Baddiel said some progressives who read the book sought him out to say they had not thought about the issue before, and that he felt they were positively and constructively challenged by it. He also heard from many Jews who said that while for a long time they hid their Jewish identity and were not active against antisemitism, the book spurred them to reevaluate that position.

New audience

Of course, Baddiel is far from a household name in the US, where the average American hasn’t seen or heard any of his dozens of TV and radio shows. But the comedian is intrigued to see the impact the book will have on an audience unfamiliar with his work.

“This book, without it yet coming out in America, has probably given me more visibility in America than anything else I’ve ever done,” he said. “I don’t know what impact it will have at all, but I do quite like the idea of the book coming out without the baggage of me being known.”

To better reach that audience, Baddiel said, he adapted and tweaked the book ahead of its publication in the US, adding a new preface, a fresh final chapter and extensive footnotes.

“There were quite a few things that might not be immediately understandable to an American readership that I had to explain, some of it about British politics and British culture,” he said.

And while Baddiel largely shies away from talk about Israel and anti-Zionism in the book, the American version’s new last chapter addresses the wave of antisemitism seen around the world — including the US — this past May, during the flareup in violence between Israel and Hamas in Gaza.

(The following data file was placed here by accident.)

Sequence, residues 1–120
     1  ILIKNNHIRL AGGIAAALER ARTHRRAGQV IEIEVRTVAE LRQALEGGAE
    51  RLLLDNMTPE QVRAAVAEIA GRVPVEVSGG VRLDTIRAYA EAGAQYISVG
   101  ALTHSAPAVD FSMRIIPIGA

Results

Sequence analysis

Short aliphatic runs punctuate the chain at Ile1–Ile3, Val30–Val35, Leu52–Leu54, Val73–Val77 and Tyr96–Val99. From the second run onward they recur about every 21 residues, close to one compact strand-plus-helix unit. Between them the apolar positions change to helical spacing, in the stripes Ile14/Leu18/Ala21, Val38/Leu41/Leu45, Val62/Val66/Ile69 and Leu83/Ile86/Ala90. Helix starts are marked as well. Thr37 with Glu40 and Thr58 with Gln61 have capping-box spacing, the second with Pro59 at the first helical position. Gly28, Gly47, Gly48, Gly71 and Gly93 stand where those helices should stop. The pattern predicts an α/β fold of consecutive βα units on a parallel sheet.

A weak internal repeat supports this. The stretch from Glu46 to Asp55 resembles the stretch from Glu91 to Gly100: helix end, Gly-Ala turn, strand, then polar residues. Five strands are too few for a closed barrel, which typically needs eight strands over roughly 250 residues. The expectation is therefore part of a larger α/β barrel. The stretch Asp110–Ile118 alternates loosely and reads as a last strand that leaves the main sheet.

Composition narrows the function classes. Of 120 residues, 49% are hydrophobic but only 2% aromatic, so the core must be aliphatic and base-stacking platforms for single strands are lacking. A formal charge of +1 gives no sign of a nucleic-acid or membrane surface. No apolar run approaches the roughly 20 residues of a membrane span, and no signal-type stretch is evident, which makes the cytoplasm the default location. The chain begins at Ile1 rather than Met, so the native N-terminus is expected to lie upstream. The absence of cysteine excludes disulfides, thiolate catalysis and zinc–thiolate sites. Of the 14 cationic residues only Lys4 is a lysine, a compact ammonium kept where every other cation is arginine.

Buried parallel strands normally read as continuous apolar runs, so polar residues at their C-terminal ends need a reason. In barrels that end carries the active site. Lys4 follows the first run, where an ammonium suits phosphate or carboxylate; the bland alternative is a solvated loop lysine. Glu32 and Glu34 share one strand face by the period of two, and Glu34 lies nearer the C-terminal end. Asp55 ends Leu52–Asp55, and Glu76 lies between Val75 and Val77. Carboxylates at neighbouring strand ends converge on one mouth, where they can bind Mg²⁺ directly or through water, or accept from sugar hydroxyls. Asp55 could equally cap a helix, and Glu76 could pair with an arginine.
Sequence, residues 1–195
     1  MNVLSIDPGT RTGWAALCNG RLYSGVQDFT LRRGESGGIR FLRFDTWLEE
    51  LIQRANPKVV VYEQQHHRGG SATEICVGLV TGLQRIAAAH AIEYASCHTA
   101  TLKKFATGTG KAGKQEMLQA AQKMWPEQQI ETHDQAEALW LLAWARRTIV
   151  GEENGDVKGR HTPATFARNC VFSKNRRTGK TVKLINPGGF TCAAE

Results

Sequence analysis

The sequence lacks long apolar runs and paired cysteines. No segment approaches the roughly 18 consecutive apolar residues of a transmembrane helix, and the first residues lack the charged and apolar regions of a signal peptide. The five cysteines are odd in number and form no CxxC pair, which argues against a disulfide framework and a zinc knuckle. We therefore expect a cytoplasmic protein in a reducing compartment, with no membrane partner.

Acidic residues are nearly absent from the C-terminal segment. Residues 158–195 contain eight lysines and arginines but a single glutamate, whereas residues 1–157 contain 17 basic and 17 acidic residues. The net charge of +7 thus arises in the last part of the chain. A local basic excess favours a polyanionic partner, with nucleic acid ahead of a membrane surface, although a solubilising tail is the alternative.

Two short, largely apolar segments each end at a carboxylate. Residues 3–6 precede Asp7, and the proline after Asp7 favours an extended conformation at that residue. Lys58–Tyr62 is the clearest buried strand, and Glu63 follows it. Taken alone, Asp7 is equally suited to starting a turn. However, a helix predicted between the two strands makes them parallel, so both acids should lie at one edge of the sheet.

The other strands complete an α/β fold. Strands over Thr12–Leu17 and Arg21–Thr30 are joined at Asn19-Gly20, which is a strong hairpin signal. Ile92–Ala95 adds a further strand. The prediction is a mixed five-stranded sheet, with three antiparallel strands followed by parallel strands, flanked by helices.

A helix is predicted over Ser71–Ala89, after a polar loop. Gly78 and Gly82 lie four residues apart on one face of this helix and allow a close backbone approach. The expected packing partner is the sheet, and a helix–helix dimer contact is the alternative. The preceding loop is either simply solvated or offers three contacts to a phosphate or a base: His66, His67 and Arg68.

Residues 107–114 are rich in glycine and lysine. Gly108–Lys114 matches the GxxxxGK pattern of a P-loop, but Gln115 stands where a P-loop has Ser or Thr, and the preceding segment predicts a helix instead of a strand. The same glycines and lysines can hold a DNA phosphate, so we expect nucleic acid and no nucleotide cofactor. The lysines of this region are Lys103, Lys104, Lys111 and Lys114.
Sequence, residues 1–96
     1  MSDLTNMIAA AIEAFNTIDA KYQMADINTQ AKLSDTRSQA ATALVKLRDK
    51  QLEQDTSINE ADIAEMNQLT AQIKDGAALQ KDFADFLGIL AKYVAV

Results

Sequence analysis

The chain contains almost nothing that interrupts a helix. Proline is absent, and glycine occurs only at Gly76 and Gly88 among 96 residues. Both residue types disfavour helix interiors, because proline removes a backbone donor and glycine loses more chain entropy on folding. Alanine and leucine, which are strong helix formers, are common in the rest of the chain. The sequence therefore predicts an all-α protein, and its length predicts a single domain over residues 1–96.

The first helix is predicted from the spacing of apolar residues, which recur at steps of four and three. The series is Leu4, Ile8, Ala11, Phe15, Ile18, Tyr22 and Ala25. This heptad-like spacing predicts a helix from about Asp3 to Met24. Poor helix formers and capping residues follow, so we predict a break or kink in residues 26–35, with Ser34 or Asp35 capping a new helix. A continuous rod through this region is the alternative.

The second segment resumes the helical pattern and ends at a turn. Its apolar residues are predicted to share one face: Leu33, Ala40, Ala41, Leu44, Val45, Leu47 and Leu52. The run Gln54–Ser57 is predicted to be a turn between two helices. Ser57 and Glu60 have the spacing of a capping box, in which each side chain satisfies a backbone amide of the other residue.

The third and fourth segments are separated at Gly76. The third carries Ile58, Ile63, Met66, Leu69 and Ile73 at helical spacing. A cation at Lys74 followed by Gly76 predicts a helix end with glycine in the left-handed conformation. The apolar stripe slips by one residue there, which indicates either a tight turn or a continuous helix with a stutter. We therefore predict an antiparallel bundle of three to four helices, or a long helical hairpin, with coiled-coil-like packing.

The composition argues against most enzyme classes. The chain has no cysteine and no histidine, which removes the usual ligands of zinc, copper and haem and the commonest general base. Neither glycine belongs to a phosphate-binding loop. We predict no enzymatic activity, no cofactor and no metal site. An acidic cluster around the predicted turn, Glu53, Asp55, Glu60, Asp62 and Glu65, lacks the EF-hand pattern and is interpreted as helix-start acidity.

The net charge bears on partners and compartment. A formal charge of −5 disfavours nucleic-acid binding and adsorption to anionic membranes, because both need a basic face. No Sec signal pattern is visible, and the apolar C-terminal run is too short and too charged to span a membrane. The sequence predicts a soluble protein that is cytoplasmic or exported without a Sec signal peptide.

Protesters hold placards and banners in London, May 22, 2021, as they take part in a rally supporting Palestinians. (AP Photo/Alastair Grant)

“I perceive, though, in the recent stronger-than-ever reaction to the conflict in the Middle East, a weakening of this always weak border between the ‘acceptability’ of anti-Zionism versus the unacceptability of antisemitism,” writes Baddiel, recounting attacks on Jewish diners in Los Angeles and activists hurling slurs at Jewish passersby in London in May. “The idea that collective responsibility is racist has got lost in the righteous fury. Any Jew is fair game.”

Baddiel told The Times of Israel that the events of this past May around the world were eye-opening.

“Antisemitism inevitably gets worse whenever stuff happens in the Middle East,” he said. “And it seems to me, particularly in the last [Gaza conflict], that again progressive people were sort of turning away from the idea that collective responsibility was racist.”

“In a normal situation, even the most progressive person would expect that a British Jew getting beaten up on the street because of something that happens between Israel and Palestine is racist, in the same way it would be racist for a Muslim in Britain to get abused for something that happened in the world,” he said.

But earlier this year, as rockets flew from Gaza into Israel and the IDF bombed the Gaza Strip in response, Jews in London were being blamed for events happening 2,000 miles away.

“It felt to me that I saw people saying, essentially, antisemitism happens because of this, that this is why antisemitism happens,” Baddiel said.

“[I sensed] the notion that Jews should understand that there is a peak in antisemitism because of what happened in Israel, and that’s understandable,” he said. “And that’s a very dangerous thing to say.”